Prerequisite: MATH 223 and either MATH 300 or 312. Mathematics 351 introduces the theory and applications of the basic computational techniques of numerical approximation. Topics include an introduction to computer programming and algorithms, root finding, interpolation, polynomial approximation, numerical differentiation and integration, and numerical linear algebra. Mathematics 352 expands on the basic approximation techniques to include scientific computing. Topics include methods of simulation, initial value problems and boundary value problems for ordinary/partial differential equations, and applications in science and engineering. Only in sequence.
361 – Topics in Mathematics (3)
Prerequisite: Course dependent. Opportunity for additional study of mathematical topics.
372 – Modern Geometry (3)
Prerequisite: MATH 300. Axiomatic development of various geometries including modern Euclidean and non-Euclidean geometry, finite geometries, hyperbolic geometry, and elliptic geometry. Topics could also include convexity, transformational geometry, projective geometry, and constructability.
381, 382 – Probability and Statistical Inference (3, 3)
Prerequisite: MATH 223. An introduction to probability theory and calculus-based statistics including probability distributions of discrete and continuous random variables, functions of random variables, methods of estimation, and statistical inference. Only in sequence.
411- Chaotic Dynamical Systems (3)
Prerequisite: MATH 223. Chaotic dynamical systems including iteration, graphical analysis, periodic points, bifurcations, the transition to chaos, fractals, Julia sets and the Mandelbrot set.
412 – Complex Variables (3)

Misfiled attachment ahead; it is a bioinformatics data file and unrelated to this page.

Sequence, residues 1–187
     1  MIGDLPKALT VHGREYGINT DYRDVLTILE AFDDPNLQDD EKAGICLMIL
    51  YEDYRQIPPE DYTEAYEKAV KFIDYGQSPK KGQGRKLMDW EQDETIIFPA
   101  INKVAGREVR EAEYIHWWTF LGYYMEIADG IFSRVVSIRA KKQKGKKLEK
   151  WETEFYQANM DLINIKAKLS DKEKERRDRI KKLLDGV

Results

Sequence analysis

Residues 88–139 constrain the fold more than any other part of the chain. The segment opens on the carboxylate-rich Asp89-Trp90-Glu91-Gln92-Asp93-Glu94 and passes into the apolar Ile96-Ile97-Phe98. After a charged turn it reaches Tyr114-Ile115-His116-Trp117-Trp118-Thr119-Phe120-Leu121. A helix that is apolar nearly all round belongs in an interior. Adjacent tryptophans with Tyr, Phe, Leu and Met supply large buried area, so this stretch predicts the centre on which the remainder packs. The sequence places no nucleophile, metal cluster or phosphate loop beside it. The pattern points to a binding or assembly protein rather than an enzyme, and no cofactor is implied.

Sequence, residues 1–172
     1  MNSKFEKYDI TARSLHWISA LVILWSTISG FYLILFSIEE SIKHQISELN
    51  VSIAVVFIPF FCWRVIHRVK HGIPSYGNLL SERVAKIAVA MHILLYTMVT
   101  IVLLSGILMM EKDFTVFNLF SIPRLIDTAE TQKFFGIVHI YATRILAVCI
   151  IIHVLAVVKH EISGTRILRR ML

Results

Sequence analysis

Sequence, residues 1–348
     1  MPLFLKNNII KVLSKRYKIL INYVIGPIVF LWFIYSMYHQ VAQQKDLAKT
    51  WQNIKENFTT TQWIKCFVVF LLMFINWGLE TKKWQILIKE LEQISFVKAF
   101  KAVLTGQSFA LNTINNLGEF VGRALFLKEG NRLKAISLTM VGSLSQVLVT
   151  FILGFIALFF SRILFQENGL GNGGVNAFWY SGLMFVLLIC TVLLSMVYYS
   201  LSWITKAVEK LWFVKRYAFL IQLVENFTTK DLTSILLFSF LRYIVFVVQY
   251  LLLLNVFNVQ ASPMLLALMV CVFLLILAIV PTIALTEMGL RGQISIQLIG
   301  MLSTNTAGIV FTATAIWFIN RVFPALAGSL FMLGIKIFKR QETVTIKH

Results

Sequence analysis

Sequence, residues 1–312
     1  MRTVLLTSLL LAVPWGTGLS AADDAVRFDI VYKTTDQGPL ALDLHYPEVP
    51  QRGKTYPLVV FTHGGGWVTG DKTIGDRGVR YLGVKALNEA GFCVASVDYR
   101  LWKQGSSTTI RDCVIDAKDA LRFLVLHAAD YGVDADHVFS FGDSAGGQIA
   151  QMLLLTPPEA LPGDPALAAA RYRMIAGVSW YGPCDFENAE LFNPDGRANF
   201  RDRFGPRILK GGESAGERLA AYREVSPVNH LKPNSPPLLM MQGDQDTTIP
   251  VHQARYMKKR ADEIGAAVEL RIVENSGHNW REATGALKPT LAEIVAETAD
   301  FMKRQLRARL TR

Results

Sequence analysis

Corequisite: MATH 471. Analytic functions, Cauchy-Riemann conditions, integration, power series, calculus of residues, conformal mappings and applications.
431, 432 – Abstract Algebra (3, 3)
Prerequisite: MATH 300 and at least one other 300- or 400-level mathematics course. Mathematical systems including groups, rings, fields, and vector spaces. Only in sequence.
441 – Topology (3)
Prerequisite: MATH 300 and at least one other 300- or 400-level mathematics course. Includes topics from point-set topology such as continuity, connectedness, compactness, and product and quotient constructions.
461 – Topics in Mathematics (3)
Prerequisite: Course dependent. Topics such as partial differential equations, optimization, Fourier series, ring theory, cryptology, algebraic number theory, coding theory, and modeling. May be taken up to three times for credit.
471, 472 – Real Analysis (3, 3)
Prerequisites: MATH 223, 300, and at least one other 300- or 400-level mathematics course. A rigorous, real analysis approach to the theory of calculus. Only in sequence.
481 – Theory of Interest (3)
Prerequisite: MATH 223. This course introduces the mathematical concepts underlying the theory of interest. Topics include measurement of interest (including accumulated and present value factors), annuities, yield rates, amortization schedules and sinking funds, bonds and related securities, derivative instruments, and hedging and investment strategies.
491, 492 – Directed Study (1-3, 1-3)
Prerequisite: Departmental permission. Individual study beyond the scope of normal course offerings, done under the direction of a faculty member. May lead to graduation with Honors in Mathematics.
499 – Internship (credits variable)
Supervised off-campus experience, developed in consultation with the department. Does not count in the major program or minors.